SUMMERSIDE – There is no more intense competitor on the ice than John Morris.
But off the ice, Morris enjoys engaging with fans and learning about the community he is curling in. Last week, that was the City of Summerside.
“The people here have been fantastic, really great people, very friendly,” said Morris. “They have been here to help us in any way they can to make our experience as good as we can.”
Morris and his Vernon, B.C., rink of third stone Jim Cotter, second stone Catlin Schneider and lead Tyrel Griffith are heading to the 2017 Tim Hortons Roar of the Rings Olympic qualifying event in Ottawa from Dec. 2 to 10 after securing one of the two men’s berths at the 2017 Home Hardware Road to the Roar Pre-Trials event at Eastlink Arena.
Although Morris and his team had to go through the final qualifying event to reach the Olympic trials – an event he finished runner-up to Brad Jacobs in four years ago – he feels his rink is peaking at the right time, and is confident they can win the right to wear Canada’s colours at the 2018 Winter Olympics in Pyeongchang, South Korea in February.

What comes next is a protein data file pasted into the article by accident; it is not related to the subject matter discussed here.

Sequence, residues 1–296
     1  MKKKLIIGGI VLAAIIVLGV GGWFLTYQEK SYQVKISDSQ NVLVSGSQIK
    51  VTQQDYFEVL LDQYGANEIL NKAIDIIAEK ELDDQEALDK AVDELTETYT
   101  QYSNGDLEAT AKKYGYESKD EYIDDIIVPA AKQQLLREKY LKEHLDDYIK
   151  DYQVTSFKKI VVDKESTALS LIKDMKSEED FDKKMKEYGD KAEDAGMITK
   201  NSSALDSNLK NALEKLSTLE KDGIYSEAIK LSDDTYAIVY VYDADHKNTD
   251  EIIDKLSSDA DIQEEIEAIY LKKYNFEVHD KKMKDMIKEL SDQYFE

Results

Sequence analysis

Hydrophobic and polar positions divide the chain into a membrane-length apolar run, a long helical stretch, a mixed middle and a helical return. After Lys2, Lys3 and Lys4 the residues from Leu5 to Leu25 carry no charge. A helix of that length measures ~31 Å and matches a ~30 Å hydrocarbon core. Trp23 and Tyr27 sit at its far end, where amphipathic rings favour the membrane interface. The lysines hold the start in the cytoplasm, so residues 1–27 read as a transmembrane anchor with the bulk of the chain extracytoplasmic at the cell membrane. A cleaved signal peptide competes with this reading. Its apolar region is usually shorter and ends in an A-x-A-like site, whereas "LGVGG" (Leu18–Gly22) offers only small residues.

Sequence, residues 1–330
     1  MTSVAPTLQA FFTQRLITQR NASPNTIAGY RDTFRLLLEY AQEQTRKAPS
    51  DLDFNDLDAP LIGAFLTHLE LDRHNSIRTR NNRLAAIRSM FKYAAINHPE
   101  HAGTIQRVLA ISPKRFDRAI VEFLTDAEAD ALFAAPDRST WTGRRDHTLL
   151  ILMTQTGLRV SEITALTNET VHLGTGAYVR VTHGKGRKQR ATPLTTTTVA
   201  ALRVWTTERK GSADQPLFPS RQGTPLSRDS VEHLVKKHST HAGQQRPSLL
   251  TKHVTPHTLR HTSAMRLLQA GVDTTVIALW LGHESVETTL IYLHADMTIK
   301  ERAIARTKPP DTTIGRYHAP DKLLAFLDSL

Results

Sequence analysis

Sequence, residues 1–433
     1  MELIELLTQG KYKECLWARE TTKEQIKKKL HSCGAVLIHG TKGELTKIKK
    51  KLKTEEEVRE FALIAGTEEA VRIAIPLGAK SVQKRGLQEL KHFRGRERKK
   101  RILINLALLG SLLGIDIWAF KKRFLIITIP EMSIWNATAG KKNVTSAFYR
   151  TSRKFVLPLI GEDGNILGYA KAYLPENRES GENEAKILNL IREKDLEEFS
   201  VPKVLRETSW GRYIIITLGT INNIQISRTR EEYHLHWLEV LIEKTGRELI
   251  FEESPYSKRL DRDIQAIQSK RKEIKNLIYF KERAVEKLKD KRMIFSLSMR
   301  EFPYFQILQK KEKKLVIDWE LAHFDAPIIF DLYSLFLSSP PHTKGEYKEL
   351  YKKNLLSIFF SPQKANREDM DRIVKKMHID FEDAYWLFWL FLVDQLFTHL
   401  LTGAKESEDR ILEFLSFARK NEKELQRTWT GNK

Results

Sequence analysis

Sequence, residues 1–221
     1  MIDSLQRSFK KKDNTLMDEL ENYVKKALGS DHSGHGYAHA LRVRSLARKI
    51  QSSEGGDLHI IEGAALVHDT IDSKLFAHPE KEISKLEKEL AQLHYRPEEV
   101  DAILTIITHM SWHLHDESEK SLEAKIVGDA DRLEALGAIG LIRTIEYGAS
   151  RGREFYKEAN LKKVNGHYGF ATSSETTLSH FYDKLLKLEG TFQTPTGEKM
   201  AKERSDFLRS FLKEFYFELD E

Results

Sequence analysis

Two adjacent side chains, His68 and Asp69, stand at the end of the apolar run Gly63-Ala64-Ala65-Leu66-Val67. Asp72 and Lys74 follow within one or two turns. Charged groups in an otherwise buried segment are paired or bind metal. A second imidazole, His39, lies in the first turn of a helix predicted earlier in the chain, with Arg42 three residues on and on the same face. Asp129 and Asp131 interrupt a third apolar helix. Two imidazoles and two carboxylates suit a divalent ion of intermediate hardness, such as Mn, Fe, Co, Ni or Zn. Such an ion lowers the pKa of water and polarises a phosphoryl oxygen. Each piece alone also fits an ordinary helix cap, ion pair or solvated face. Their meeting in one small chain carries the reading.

“Of course, we are 100 per cent convinced we can win this, or else I wouldn’t be curling,” said Morris after securing his spot with a 4-3 win over Edmonton’s Brendan Bottcher on Sunday morning.
Curling is a fan friendly sport as all the curlers during the seven-day event were very gracious in signing autographs, posing for photos and talking with fans. Team Morris was no different, and it’s something the skip really enjoys.
“We’ve almost been like a hometown team because we have made some great friends out here,” said Morris, whose team stayed right in the City of Summerside.
“At this stage in my career I try not to get too into the event that I don’t take in the (local) atmosphere,” continued Morris. “We went to the farmers market (Saturday), and it was nice to get a sense of the atmosphere and environment here in Summerside. I absolutely love it, I think it’s one of the great places in Canada.”
Morris made a point to recognize the fans, volunteers and ice-making crew who dedicated “a lot of hours” to making the Road to the Roar what is being termed a very successful event by Curling Canada officials.
“It really made a difference, all that positive energy they put in,” emphasized Morris.